Go good sir, into the literary fray! Oh, readers know not what awaits them. Forceful in the obvious, you shall educate them all. Unrelenting in your quest to overlook deeper meaning, you prove a worthy adversary. Cloaked in the truth, you make your stand against the armies of literary masters. Know your bravery is not overlooked by us mere fiction writers. You are the hallmark of toneless, meaningless literature. Overt in plain phraseology, you are the directionless, bellowing foghorn in the storm of cultural demise. Unfettered by the chains of imagination, you conquer the literates. Racing through the battlefield of meaning, you drive the sword of transparency into your foes. Slaying poetry’s hidden meaning. Exterminating the scoundrels once revered as masters. Lunging the sword of the unknowing self-righteous to the bitter end. Fighting the good fight always; go good sir!
Sarcasm is a sign of a weak mind.
Feedback like this is priceless. Unsurpassed in value, your comment is the force of literary change. Close to my heart, I hold this thought forever. Knowing I have secured a new wisdom, I return to the challenge of writing. Your wisdom is truly appreciated! Onward I proceed, reborn in your sage counsel. Undeterred by my failures, I forge ahead with your words at my back.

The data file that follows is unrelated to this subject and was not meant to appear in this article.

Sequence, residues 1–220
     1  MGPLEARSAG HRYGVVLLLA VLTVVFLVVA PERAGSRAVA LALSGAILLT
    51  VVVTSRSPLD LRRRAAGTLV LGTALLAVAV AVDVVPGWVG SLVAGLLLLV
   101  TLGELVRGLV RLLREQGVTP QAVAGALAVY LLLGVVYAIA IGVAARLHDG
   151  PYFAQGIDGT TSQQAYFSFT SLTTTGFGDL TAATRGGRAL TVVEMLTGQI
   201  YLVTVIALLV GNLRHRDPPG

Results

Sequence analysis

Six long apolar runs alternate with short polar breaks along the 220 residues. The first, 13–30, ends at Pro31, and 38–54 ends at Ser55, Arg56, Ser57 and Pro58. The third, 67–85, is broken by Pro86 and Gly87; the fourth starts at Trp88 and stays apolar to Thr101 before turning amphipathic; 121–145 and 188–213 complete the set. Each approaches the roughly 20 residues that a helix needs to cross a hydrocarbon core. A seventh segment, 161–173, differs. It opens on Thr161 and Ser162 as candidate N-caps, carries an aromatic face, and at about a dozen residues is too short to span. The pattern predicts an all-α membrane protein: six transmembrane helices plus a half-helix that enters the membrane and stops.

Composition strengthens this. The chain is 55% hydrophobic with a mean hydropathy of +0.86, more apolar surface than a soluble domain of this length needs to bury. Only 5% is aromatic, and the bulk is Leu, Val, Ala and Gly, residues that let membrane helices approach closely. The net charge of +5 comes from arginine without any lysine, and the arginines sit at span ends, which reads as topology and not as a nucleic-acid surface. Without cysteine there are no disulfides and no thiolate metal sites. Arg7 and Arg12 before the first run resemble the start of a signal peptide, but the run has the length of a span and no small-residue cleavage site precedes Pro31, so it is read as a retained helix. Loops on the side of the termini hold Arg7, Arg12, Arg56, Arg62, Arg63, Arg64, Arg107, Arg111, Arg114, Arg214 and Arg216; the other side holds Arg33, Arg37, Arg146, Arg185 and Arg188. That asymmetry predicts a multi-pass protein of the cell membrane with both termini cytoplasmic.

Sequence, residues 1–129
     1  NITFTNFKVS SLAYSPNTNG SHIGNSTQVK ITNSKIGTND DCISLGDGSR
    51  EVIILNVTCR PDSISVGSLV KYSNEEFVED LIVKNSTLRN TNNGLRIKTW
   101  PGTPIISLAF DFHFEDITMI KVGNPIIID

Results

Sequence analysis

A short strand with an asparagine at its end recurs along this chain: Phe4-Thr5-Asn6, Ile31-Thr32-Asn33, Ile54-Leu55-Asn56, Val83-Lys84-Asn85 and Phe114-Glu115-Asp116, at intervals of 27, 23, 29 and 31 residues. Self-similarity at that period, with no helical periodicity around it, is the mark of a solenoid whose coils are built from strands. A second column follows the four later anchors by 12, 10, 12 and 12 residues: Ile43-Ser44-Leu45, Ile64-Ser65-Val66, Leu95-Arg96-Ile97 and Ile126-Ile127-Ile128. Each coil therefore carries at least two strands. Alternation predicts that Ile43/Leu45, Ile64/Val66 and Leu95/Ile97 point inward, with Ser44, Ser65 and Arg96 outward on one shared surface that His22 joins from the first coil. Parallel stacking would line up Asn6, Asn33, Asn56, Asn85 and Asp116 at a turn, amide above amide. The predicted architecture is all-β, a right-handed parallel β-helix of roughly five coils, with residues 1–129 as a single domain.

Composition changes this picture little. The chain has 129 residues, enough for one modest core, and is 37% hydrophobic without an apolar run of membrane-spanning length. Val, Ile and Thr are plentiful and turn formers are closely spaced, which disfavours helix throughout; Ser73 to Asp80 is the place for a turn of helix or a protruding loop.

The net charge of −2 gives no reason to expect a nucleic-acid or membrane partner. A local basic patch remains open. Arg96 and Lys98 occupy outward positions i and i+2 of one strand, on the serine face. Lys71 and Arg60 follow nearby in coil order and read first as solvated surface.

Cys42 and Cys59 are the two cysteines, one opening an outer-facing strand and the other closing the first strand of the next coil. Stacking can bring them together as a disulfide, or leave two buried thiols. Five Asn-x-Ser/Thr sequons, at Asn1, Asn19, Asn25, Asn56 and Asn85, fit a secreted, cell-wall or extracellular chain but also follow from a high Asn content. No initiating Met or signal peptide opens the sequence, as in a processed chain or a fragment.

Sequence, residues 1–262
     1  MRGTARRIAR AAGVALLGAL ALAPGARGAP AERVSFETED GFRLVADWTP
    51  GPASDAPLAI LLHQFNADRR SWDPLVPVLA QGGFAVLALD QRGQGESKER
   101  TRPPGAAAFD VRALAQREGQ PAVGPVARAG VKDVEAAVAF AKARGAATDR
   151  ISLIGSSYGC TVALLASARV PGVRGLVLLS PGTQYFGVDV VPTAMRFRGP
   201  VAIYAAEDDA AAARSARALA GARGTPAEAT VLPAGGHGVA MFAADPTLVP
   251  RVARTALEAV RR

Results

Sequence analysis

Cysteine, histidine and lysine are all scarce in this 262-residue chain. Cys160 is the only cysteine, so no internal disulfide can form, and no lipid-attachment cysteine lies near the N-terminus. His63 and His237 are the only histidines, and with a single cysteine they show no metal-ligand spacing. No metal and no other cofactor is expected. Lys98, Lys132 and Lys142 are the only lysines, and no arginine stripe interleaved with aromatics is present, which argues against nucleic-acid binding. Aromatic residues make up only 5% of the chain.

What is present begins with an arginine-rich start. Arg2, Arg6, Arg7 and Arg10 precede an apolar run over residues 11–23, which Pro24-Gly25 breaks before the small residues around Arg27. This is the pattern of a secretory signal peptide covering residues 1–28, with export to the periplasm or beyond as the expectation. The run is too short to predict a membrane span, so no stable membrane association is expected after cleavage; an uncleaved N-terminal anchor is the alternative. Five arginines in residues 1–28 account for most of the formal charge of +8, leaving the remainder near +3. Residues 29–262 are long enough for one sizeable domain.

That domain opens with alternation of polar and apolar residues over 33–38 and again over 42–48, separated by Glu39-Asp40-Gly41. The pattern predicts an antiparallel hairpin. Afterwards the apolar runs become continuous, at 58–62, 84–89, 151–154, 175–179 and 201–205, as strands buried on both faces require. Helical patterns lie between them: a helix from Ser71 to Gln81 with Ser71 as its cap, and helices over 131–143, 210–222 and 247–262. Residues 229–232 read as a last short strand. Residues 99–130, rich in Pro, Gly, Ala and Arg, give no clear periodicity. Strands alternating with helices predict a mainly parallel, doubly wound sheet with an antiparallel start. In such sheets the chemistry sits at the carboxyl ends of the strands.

Satire is a big, fat nothing burger.
A true master of the written word speaks to me. Such profundity, I have never known! Such imagination the master wields! How will I repay such knowledge? O, there is no repayment. Lowering myself, I can only kneel in my unworthiness. Entreating the master, I beg for more bits of wisdom.
Another intellectually stimulating response. So potent is your good advice, I am overwhelmed. Supremely grateful for your time and wisdom- I thank you. How many writers are blessed the way I am with your attention? Only myself, I am sure. Like a man drenched in holy water, I bath in the purity of your language. Environed in your sacred words, I am in awe!
Oh! I need a nap. The virtue signalling is so tiring.
Commenting of this magnitude is without compare. One could only hope for such wisdom to be imparted so freely. Cheers, mate! Know that you are well deserving of this toast.
Is this for real?
Creative, omnipotent commenting knowledge!
People should boycott Netflix.
Just go fuck yourself!
Yo, Humble-pie Munchers, Suck on This!
In honor of a former pal who questioned my humility quotient.
A big part of his accusation that I lacked “humility” seemed to flow out of his deep prosperity gospel faith and enough gaslighting fluid to blow up this prideful, unfair world — Hail Jesus!
Writing poems, or writing anything else for that matter, about and for one’s self is tricky enough, but writing them for others, for the whole world, or at least that part of it that reads poems can be a humbling experience if one has that pesky humility gene. Good news here? I don’t.
Think about it. You sit staring at the white space, hoping/letting/allowing words to come to you.